CONWAY, Ark. – A University of Central Arkansas student sent to jail for his part in a protest for trans rights at a Conway School Board meeting last year, is appealing his sentence.

Alex Barnett was among the crowd shouting “Trans lives matter” to the school board after an October vote regarding the use of bathrooms and room assignments on overnight trips being determined by a student’s gender at birth.

“I got 10 days in jail for voicing my opinion in a democracy,” Barnett said.

The school policy later inspired a bill that became state law this year.

The November protest ended with three arrests, but as of May 8, Barnett, a junior student at UCA, is the only one sentenced to 10 days in jail.

Barnett, Keylen Botley and Colburn Clark were each charged with the two misdemeanors, criminal trespassing and failure to disperse.

A district judge found Barnett guilty of both and ordered Barnett spend 10 days in jail and pay $400 in fines. Including court costs and other fines, his feels totaled $950.

Following one night at the Faulkner County Detention Center, Barnett appealed for an early release.

According to a statement from the Conway Public School District, the School Board asked the crowd to be quiet multiple times, then they asked police to come in and clear the lobby and remove those being disruptive.

An eyewitness in the crowd that night said Barnett just flopped down on the ground.

“How can someone criminally pass on public property during a meeting open to the public and if I’m not trespassing, how can you tell me to leave the place that I’m at?”, Barnett asked.

District Judge Chris Carnahan sentenced Barnett. The judge campaigned for the Arkansas Supreme Court as “Finally, a Conservative Judge” in 2022.

“I am a leftist protestor going in front of someone who has been running on the fact that he is a conservative judge that just totally breaks down the judicial processes,” Barnett stated.

Our station called Judge Carnahan’s office Monday morning to try and get comment on the appealed case.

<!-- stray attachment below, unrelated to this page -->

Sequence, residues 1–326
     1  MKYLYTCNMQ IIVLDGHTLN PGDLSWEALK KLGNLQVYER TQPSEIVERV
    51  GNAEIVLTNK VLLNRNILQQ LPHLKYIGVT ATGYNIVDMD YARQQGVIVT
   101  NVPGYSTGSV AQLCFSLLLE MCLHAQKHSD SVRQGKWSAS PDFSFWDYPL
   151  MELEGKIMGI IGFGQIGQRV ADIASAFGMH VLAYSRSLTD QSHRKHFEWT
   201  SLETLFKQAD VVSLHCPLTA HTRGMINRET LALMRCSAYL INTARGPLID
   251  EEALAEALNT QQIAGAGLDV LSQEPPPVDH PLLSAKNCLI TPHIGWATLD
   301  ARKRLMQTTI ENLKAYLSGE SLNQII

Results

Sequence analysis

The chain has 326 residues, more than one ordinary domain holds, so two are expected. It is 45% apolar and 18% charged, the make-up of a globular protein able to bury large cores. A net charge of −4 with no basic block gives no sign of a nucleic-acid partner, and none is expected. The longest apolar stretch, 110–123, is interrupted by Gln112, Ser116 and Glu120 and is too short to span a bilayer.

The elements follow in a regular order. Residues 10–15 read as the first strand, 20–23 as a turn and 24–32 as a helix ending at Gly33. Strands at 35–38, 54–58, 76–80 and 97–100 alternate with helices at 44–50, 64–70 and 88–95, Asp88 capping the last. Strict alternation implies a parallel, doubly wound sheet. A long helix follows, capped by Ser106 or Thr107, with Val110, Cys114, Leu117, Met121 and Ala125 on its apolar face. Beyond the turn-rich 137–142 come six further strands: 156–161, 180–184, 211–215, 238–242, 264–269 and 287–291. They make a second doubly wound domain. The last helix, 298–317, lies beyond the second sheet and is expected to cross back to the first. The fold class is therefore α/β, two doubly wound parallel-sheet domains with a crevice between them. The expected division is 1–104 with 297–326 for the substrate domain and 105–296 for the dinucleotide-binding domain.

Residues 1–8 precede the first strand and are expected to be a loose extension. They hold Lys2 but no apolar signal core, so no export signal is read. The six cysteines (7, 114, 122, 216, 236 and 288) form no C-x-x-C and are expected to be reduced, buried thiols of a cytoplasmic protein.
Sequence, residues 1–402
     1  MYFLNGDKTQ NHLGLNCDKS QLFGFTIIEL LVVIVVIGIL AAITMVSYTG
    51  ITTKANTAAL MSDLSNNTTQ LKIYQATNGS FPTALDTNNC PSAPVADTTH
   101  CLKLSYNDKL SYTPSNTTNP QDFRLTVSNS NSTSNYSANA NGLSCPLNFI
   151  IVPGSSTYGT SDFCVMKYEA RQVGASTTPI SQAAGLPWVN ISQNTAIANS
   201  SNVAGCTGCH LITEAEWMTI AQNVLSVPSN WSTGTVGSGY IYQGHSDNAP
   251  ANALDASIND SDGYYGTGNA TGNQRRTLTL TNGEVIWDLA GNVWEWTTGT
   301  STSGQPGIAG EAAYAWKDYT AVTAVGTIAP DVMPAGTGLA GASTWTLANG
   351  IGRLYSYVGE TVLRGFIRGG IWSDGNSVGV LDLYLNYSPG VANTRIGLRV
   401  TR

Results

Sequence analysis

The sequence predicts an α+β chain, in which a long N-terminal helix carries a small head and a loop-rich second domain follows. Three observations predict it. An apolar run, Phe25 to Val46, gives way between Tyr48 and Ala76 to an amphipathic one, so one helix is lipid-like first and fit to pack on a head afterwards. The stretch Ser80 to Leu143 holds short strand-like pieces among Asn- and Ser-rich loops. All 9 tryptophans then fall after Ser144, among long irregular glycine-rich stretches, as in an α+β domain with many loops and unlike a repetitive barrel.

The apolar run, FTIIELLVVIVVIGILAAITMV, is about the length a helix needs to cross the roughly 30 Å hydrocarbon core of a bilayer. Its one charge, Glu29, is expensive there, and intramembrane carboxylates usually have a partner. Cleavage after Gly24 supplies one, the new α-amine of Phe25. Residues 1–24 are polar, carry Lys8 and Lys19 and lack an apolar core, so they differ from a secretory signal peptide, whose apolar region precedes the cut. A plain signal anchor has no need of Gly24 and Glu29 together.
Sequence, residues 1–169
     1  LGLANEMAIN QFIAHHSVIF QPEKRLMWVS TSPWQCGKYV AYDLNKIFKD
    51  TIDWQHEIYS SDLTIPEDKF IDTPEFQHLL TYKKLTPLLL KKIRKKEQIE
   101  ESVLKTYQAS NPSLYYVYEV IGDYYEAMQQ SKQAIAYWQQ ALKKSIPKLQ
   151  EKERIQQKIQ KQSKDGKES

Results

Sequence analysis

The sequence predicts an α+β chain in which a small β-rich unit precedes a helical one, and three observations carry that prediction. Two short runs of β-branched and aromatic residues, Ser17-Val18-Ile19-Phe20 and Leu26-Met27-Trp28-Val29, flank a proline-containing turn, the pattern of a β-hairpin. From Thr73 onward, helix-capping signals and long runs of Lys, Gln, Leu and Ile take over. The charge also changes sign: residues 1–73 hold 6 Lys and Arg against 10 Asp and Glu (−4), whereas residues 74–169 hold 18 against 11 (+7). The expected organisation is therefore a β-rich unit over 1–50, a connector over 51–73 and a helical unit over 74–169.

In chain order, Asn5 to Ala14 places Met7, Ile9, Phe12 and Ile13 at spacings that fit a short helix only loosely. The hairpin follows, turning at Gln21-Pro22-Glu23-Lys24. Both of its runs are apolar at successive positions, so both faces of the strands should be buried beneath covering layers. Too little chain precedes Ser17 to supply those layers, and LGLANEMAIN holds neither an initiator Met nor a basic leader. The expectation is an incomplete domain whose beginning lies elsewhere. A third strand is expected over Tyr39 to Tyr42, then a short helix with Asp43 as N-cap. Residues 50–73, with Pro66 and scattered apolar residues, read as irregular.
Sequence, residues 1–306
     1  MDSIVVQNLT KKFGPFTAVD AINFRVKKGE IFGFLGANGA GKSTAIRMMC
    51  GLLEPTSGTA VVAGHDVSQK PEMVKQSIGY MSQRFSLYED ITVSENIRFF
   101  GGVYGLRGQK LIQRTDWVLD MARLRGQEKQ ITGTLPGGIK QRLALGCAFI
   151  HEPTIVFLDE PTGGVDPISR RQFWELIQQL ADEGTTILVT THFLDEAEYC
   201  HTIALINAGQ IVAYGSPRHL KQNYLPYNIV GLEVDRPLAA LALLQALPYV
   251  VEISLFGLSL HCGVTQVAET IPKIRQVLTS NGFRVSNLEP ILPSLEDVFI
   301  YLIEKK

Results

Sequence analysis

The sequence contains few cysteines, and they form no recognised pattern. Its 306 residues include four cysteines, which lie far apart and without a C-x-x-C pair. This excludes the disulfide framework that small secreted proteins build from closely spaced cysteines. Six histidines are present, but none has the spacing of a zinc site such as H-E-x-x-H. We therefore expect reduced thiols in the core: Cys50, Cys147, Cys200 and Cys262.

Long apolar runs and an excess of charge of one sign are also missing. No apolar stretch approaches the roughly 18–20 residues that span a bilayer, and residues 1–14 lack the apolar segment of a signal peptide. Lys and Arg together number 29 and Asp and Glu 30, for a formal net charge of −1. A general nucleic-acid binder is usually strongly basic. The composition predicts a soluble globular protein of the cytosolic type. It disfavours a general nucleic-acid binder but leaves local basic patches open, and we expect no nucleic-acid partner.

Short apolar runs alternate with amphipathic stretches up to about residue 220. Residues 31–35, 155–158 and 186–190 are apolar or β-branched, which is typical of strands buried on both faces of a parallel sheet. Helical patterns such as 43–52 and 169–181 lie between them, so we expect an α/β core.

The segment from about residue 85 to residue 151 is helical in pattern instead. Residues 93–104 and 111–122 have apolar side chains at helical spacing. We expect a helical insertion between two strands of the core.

Hours later, one of his staff returned our call and said his comment would have to be in person and the earliest that could happen is Thursday morning if one of our reporters came to court and waited through all his other proceedings to speak with him.

Class C misdemeanors are the lowest criminal offense classification in Arkansas. Although they sometimes carry no jail time, the max penalty possible is 30 days in jail and a fine up to $500.

“To me it is a badge of honor. I did the right thing, and I got punished for it, but I’m not going to say sorry for it. I’m not going to back down from it,” Barnett said.

Barnett identifies as bisexual, and if he had not gotten early release through an appeal the UCA junior would have missed all his final exams. He said the message is more important than anything that happened to him.

“This message is more important than whether or not I get arrested. It’s more important than whether I spend time in jail. It’s more important than whether or not I get fined. It’s more important than whether or not I missed my finals, so I figured if this is what I’ve got to do to do the right thing, then this is what I’ve got to do,” Barnett said.

Of the three people arrested during the November protest, one was given no jail time by a different judge. The other will be before Judge Carnahan May 25 at 1 P.M, and Barnett plans to protest outside.